Note: The Chinese government does not issue permits to Chinese nationals who have not summited another of the 8000m mountains.

Mental Preparation For Climbing Mount Everest

everest mind

Most people think that climbing Everest is a difficult physical undertaking and that only strong, fit people are successful. While this is partly true, what most people don’t know is that it is also extremely challenging mentally.

The majority of climbers that don’t reach the summit turn around long before summit day. An Everest expedition is a 7 to 9 week ordeal that wears you down. Every day you wake up and have to endure discomfort, pain and cold in varying degrees.

At the same time, you are missing loved ones and the comfort of your routines.
All of this is shadowed by the nagging fear that you might actually die.

Undertaking shorter Himalayan expeditions, even a trek to basecamp, help build mental preparedness. You need to get used to the food, surroundings and logistics of being on an Everest expedition.

Be completely honest with your team leader. As soon as you start to develop fears, it’s best to talk them through. Most good leaders will have seen this many times before and have strategies that can help you cope.

Altitude Sickness and Acclimatization On Mt Everest

One of the biggest risks to Everest Climbers is developing altitude sickness, also known as Acute Mountain Sickness (AMS). It’s vital to know the symptoms of altitude sickness and how to treat them.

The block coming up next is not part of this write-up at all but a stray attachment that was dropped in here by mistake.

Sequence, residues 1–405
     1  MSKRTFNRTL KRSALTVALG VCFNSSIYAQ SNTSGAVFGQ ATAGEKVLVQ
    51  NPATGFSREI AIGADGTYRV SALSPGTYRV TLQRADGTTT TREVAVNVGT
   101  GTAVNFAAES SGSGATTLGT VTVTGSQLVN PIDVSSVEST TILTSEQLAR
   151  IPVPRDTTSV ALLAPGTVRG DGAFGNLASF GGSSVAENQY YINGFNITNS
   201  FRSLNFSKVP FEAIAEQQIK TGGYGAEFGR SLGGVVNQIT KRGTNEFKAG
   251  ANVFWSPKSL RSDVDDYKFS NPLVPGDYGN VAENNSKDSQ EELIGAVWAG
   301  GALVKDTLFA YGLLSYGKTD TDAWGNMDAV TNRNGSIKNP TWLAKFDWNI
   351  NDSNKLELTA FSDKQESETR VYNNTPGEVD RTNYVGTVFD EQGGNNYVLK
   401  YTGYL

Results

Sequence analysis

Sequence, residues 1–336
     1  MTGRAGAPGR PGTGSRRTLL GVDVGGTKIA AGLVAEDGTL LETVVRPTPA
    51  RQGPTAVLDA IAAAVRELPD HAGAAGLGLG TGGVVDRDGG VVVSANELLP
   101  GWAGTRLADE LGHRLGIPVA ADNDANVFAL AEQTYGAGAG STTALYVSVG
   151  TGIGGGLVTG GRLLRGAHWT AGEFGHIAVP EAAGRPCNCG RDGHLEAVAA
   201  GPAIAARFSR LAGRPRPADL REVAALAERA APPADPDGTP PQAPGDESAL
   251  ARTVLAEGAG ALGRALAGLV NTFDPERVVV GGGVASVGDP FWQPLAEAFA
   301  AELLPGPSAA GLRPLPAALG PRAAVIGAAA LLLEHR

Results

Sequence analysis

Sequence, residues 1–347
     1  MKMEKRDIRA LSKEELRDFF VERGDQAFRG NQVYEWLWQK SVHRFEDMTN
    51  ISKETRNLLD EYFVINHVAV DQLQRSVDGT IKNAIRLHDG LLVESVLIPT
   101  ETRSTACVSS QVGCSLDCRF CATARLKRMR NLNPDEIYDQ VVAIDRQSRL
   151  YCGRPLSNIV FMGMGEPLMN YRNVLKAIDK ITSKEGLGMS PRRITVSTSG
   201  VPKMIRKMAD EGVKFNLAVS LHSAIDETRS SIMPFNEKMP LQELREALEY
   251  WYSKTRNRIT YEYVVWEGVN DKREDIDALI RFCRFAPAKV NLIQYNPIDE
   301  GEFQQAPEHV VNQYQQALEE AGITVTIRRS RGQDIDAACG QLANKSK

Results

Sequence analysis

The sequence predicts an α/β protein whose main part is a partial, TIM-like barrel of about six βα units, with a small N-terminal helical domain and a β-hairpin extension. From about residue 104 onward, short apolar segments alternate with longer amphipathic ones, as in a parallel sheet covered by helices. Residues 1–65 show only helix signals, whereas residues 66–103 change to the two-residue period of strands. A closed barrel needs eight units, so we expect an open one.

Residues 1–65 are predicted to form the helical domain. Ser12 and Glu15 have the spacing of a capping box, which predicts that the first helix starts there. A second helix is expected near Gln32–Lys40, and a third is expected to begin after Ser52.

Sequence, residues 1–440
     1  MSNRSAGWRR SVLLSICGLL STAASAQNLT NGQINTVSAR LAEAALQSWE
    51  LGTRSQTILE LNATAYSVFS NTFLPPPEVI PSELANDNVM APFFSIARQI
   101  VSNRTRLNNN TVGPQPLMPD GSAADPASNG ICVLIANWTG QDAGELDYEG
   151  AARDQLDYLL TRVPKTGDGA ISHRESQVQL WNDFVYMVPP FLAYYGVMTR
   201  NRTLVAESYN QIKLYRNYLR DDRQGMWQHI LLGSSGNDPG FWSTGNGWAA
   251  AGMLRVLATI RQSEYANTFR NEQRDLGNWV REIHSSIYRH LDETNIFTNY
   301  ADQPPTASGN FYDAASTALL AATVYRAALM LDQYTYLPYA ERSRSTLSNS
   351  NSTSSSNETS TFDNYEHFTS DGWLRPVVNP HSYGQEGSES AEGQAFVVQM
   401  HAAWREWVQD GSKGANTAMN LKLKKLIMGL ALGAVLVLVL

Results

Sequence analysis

One of the most important steps in preparing to Climb Mount Everest is acclimatizing to high altitude. If you have climbed above 5,000 meters of elevation before, you will at least have some idea of how your body reacts. This said, there’s never any guarantee when predicting the effects of high altitudes on a person.

The acclimatization process for Everest involves going up and down between the different base camps to properly adjust. 

Do I Need Insurance To Climb Mount Everest?

Yes, insurance cover is mandatory to climb Everest. You will also need to submit a doctors medical report when applying for a permit.

About the author 

Hugo Searle

Hugo is a high altitude mountain guide and expedition leader. He has climbed and adventured all over the world and extensively in the Himalayas. Hugo has guided Everest, Cho Oyu, Ama Dablam and many others. Today Hugo runs High Adventure Expeditions.

Leave a Reply

Your email address will not be published. Required fields are marked

  1. Our climbing expeditions maximize many years of accumulated wisdom leading trips to the highest mountains on the planet, a strong record of reaching the top of 8000ers: Everest, K2, Kangchenjunga, Lhotse, Makalu, Cho-Oyu, Shishapangma and many other high altitude summits in all safety, along with an intimate knowledge of the officials who regulate the permit system. We have conducted countless 8000, 7000 and 6000 metre peak expeditions, and consider ourselves specialists in identifying, organizing expeditions to, and getting teams safely to the summit and back down. We have been running expeditions for over 20 years and we know all of the bureaucratic officials, liaison officers, yak drivers, and hoteliers/restaurateurs personally in the countries we visit. We must also give credit to our polite and highly experienced, hard-working climbing sherpas, high altitude guides, cooking, and office staff.

{"email":"Email address invalid","url":"Website address invalid","required":"Required field missing"}

We work with local guides to offer great value adventures at unbeatable prices.